2. Shawn Kelley‘s second rehab game went fine last night by all accounts, so he is expected to be activated off the 15-day DL in time for tomorrow’s game. I assume either Matt Daley or Jose Ramirez will be sent to Triple-A Scranton to clear a roster spot. Doesn’t really matter either way. The important thing is that the back-end of the bullpen is getting some much needed help, so Joe Girardi will be able to take it a bit easier on Dellin Betances and Adam Warren in front of David Robertson. We’re in mid-June now and Betances and Warren are still on pace for 94 and 89 innings this season, respectively, and it seems like all that work has started to catch up to them of late. Girardi has already indicated he won’t necessarily stick Kelley in the eighth inning right away — did you realize he’s been out for a month already? time flies — which makes sense. I love Betances in his current fireman role and both Kelley and Warren seem to be at their best when they start an inning clean and only throw exactly one inning. The bullpen’s about to get a pretty big boost and it is definitely needed right now.
3. Speaking of bullpens, just about every reliever I wanted the Yankees to sign this past offseason has flopped, namely Jose Veras, Grant Balfour, and Brian Wilson. Others like Eric O’Flaherty, Joel Hanrahan, and Jesse Crain have yet to pitch this year. Boone Logan has been on the disabled list twice and Joe Nathan has completely melted down for the Tigers. Like, spectacularly. The only two free agent relievers who signed biggish contracts and have been good so far this season are Joaquin Benoit and Joe Smith. I thought the Yankees needed to sign a pretty good reliever this winter after losing Mariano Rivera to retirement, but instead Betances has stepped up to fill the void. The Yankees replaced an elite reliever with another elite reliever from within. Obviously Betances is not Mo, he’s got a long way to go before being mentioned in the same breath as Rivera, but the relief crew hasn’t missed a beat this year. It’s been pretty impressive to watch. Every year Girardi & Co. seem to unearth a new weapon.
4. You’ve probably seen it by now, but if not, Manny Machado had a little meltdown against the Athletics this weekend. Two meltdowns, really. First he got in Josh Donaldson’s face because he felt he was tagged too hard (really?), then he threw his bat at … someone on the other team. It looked like he tried to throw it at the pitcher but it wound up going towards the third baseman, who was not Donaldson at the time. Here’s the video of the tag play and here’s the video of the bat throwing. The Orioles threw up and in at Donaldson twice in the series, and the Athletics threw inside at Machado right before he threw the bat. I’m guessing Machado and Fernando Abad (who threw at Machado) will both be suspended some length of time this week. Anyway, this an unnecessarily long way of pointing out Machado is hitting .254/.288/.381 (81 wRC+) over the last calendar year. The fans at Camden Yards booed him following each one of his at-bats during last night’s 0-for-4. Boy that honeymoon sure is over, huh? Machado got lumped in with Mike Trout and Bryce Harper as part of the next wave of superstars, but he was always a notch below those two because of his general lack of plate discipline. Now the kid is throwing fits because he didn’t like the way he was tagged. Maybe it’s time for a little wake up call stint in the minors? Don’t get me wrong, I’d take Machado on the Yankees in a heartbeat, but he’s part of the problem right now for Baltimore, not part of the solution.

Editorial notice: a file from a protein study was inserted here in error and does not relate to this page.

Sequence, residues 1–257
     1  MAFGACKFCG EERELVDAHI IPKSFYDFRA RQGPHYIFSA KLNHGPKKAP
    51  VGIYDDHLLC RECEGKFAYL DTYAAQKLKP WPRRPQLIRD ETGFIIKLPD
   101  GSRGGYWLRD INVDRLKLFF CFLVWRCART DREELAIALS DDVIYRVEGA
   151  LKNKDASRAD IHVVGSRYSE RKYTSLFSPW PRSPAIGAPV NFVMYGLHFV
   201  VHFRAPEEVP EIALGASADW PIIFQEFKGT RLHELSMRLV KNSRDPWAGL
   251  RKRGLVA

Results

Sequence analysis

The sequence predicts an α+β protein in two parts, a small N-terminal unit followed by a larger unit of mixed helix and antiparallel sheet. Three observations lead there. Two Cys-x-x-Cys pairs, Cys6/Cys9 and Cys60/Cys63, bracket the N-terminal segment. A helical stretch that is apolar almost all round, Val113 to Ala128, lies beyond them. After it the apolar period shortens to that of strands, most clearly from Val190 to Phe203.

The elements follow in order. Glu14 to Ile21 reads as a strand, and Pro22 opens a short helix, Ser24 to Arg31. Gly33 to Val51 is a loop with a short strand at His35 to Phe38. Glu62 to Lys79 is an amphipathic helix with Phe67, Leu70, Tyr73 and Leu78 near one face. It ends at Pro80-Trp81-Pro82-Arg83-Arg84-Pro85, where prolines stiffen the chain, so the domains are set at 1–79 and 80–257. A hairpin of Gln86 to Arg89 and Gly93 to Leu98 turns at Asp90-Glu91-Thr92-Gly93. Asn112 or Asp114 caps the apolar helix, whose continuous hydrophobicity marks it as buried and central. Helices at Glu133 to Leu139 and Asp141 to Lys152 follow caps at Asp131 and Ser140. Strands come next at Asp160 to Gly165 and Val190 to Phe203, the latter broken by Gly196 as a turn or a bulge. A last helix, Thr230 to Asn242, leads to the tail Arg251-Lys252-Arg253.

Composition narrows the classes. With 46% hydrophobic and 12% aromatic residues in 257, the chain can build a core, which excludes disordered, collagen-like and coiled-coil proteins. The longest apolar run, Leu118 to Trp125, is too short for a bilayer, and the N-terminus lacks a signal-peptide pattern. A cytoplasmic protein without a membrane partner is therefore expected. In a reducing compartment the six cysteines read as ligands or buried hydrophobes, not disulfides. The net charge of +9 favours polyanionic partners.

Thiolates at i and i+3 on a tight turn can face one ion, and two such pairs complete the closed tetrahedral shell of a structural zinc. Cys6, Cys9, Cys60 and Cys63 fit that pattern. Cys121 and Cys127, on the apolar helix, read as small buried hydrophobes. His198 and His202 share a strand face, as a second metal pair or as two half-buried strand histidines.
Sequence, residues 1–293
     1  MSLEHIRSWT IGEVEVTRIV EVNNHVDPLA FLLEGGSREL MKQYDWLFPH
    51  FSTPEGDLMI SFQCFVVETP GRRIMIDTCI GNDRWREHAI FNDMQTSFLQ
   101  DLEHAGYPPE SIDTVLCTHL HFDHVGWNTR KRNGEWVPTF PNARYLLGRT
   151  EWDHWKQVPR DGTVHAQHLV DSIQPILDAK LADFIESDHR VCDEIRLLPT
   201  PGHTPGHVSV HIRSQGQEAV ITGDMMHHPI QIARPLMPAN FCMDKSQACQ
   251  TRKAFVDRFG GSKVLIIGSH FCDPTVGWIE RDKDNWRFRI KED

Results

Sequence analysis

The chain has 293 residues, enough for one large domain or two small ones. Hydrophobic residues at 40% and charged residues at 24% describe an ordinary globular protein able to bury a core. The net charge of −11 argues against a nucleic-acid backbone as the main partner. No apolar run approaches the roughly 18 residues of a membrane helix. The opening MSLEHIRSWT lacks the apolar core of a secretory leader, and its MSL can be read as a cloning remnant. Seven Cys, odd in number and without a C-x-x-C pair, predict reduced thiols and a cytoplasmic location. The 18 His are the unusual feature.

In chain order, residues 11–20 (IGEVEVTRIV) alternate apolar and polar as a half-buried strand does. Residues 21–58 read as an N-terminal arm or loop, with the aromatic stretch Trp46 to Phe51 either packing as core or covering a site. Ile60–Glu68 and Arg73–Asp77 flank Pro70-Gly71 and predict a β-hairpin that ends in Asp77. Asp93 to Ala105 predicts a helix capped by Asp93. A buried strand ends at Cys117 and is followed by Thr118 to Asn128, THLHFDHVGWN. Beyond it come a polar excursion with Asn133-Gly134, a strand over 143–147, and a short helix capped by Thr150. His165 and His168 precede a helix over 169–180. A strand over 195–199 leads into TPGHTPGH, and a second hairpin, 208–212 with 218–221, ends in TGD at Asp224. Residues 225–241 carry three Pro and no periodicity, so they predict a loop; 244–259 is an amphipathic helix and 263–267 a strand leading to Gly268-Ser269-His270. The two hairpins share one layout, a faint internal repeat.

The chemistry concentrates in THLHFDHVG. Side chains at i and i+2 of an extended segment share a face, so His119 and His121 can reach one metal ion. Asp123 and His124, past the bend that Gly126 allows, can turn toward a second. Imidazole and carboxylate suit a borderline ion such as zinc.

The Yankees are off today following their nine-game road trip, and starting tomorrow they play 17 games in 17 days in three different time zones. On the bright side, they don’t have to travel back to the West Coast after that, and only two more times this season do they even have to go to the Central Time Zone. The team’s travel after this upcoming stretch as is easy as it gets. Here are some random thoughts on the off-day.
1. This weekend’s series against the Twins marks the end of what is probably the softest stretch of schedule for the 2014 Yankees in terms of the quality of their opponents: 19 straight games against the Mets, Pirates, Cubs, White Sox, Cardinals, and Twins. Only the Cardinals aren’t awful. The Yankees have won nine of the first 16 games during that stretch, with the last three against Minnesota still pending. That’s pretty damn good, but I can’t help but feel greedy and wish they could have stolen one or two more. That Adam Dunn walk-off homer game really stings. With the Rays and Red Sox falling behind the rest of the AL East a bit — Tampa is literally one game better than the Astros right now — the division race has opened up a little bit. The Yankees play the Blue Jays and Orioles a combined nine times next month and those games are the most important ones right now. Games against Boston and Tampa aren’t as crucial as they have been the last few years. (They’re obviously still important. You know what I mean.) This isn’t the AL East race we’re used to seeing.